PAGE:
Prescription pill bottles and X-rays from the final years of Elvis Presley’s life are up for auction this month at Julien’s.
The X-rays and prescription bottles originate from the collection of Dr. Elias Ghanem (1940 – 2001), a Las Vegas physician who treated also celebrities such as Tom Jones, Liberace and Johnny Cash.
Ghanem originally worked in the emergency room at the city’s Sunrise Hospital, but his life changed forever when he got a call from a singer with a sore throat.
It turned out to be Elvis Presley, who was performing at the Las Vegas Hilton, and he quickly became Presley’s ‘go to’ guy.
His relationship with Elvis was highly lucrative, and the always-generous King presented him with cars, watches and expensive jewelry for his services.
Ghanem became a doctor to the stars, treating the likes of Tom Jones, Liberace, Ann-Margret, Johnny Cash, Raquel Welch and Glen Campbell as they passed through town. "They always get sore throats," Ghanem once said. "We call it Vegas throat."
The chest X-rays, each estimated at $8,000 – $10,000, were ordered by Ghanem in September 1976, to confirm that Elvis was clear from pneumonia.
At that time Presley had less than a year to live, and his physical condition was deteriorating rapidly.
He was known to suffer from high blood pressure, liver damage and an enlarged colon, all aggravated – and possibly caused – by his addiction to prescription drugs.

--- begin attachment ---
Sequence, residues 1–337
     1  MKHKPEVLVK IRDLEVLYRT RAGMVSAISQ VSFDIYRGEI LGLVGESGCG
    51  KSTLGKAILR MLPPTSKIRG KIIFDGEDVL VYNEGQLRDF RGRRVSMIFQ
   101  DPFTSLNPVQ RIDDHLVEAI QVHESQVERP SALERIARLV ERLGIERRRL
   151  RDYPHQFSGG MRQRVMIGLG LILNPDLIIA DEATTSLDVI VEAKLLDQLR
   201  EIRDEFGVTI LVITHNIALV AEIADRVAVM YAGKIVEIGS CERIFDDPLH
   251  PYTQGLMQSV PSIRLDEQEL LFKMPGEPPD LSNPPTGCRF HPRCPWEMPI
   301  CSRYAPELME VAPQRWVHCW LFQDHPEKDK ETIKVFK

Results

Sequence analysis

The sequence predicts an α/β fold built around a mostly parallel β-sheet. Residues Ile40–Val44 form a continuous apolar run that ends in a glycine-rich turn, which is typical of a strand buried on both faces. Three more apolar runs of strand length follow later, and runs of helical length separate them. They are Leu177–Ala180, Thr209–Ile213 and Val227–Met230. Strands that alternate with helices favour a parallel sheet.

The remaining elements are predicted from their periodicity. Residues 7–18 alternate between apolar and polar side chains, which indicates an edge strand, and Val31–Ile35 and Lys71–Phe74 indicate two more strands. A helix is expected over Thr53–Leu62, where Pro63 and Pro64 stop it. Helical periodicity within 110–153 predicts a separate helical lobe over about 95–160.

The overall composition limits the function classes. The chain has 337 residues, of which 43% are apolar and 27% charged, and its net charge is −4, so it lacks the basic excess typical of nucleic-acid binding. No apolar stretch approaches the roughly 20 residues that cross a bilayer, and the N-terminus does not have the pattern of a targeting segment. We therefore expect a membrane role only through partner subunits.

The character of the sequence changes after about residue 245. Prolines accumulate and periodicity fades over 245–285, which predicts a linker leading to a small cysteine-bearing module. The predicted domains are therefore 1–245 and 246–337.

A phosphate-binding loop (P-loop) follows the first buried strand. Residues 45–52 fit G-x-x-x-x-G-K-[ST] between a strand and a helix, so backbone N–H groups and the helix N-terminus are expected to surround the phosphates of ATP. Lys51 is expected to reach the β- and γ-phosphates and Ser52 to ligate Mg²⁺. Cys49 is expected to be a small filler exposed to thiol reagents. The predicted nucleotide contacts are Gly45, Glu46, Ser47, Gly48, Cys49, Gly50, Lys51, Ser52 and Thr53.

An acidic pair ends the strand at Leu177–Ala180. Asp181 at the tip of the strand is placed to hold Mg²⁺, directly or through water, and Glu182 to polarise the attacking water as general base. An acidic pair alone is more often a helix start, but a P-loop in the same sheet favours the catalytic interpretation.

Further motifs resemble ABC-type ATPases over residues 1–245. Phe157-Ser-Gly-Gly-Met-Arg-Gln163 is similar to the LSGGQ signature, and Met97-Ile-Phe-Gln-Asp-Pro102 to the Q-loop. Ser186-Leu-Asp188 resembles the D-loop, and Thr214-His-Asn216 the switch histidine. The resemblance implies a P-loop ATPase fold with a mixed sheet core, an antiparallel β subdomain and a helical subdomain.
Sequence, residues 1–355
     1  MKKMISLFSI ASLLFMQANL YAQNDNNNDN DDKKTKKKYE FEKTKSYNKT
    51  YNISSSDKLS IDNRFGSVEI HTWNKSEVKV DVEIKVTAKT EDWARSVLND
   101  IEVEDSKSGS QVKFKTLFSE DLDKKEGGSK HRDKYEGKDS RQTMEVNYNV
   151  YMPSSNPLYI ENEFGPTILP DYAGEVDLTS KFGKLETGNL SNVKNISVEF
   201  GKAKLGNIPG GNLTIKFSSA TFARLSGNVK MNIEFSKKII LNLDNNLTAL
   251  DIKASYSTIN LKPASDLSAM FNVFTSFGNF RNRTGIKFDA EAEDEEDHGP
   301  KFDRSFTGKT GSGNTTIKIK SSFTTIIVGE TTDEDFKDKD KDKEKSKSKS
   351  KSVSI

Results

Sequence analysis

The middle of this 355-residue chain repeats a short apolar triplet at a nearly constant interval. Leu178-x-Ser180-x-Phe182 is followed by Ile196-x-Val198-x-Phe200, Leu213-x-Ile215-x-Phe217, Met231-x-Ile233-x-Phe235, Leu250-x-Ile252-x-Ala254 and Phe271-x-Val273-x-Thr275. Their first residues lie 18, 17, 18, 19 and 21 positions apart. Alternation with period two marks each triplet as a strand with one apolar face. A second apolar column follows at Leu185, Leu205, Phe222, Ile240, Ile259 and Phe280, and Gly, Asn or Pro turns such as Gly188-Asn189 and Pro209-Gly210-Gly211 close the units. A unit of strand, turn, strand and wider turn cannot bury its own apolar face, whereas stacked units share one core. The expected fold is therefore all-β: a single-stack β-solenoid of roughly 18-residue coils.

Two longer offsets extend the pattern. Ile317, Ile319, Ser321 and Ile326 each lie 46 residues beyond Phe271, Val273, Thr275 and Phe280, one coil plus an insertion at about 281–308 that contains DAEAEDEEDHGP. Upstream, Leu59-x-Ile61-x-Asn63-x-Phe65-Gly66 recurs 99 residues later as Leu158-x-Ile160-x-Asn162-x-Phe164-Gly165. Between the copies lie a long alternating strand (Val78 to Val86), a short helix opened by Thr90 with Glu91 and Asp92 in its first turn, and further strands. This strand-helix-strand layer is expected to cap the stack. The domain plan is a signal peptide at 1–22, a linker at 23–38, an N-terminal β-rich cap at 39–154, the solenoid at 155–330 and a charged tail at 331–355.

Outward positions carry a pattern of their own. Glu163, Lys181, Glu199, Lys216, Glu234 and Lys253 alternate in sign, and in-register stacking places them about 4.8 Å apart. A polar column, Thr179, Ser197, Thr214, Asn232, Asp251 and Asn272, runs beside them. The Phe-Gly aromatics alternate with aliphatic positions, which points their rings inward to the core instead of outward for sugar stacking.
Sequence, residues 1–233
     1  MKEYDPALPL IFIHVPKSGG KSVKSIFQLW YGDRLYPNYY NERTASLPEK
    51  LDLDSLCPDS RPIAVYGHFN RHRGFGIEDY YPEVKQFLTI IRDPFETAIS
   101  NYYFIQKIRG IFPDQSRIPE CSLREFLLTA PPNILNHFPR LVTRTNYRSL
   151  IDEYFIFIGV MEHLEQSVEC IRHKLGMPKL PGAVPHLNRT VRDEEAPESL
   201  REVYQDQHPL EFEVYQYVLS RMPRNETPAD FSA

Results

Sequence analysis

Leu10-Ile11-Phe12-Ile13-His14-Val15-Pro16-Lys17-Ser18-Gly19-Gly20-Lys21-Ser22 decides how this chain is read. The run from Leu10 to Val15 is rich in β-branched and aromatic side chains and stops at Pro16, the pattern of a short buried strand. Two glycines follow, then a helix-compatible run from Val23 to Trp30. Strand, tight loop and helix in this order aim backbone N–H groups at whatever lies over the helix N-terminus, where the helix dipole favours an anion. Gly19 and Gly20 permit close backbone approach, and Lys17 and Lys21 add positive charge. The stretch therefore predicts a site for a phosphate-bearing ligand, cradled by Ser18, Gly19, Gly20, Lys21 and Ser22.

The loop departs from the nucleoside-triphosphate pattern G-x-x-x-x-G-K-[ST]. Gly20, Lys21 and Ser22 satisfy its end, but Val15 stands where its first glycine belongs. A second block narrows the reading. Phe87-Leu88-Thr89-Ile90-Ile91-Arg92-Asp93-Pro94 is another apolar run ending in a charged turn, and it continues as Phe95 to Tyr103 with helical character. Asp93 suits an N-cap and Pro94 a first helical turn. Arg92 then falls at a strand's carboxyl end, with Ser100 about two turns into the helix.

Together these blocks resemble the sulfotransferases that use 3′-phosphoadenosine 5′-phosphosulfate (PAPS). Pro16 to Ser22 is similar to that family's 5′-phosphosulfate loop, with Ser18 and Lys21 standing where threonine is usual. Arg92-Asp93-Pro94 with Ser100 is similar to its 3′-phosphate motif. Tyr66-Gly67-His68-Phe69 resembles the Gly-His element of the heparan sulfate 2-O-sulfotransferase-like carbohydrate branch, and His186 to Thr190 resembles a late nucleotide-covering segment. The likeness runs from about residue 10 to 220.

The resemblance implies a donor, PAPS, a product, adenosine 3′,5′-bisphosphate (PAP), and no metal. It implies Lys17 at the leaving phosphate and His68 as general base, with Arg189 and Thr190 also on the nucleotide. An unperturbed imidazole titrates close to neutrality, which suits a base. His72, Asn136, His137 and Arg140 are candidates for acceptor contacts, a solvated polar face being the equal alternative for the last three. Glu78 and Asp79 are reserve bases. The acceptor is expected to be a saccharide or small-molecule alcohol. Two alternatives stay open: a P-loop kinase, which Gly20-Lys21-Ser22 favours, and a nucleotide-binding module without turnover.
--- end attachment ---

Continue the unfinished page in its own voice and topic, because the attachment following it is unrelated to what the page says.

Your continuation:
The sale also includes three empty pill bottles which Ghanem retrieved from Elvis during visits, estimated from $4,000 up to $8,000 each.
Each of the bottles had contained addictive drugs such as Hycomine, Temaril and Quaaludes, and all had been prescribed by the infamous Dr George Nichopoulos, otherwise known as ‘Dr Nick’.
At the time of Presley’s death in August 1977, a toxicology report showed he had 14 different prescription drugs in his system.
And a damning report revealed that, in the first eight months of 1977 alone, Dr Nick had prescribed Elvis more than 10,000 doses of sedatives, amphetamines and narcotics.
Together, the pill bottles and X-rays paint a tragic portrait of Elvis’ final days, as he battled with drug addiction, illness and exhaustion.
But for fans who want an intimate piece of the King, these morbid artefacts can only bring them closer to their hero – whose legacy as the King of Rock and Roll remains, despite his many flaws.
The Music Icons sale takes place at Julien’s Auctions on May 20.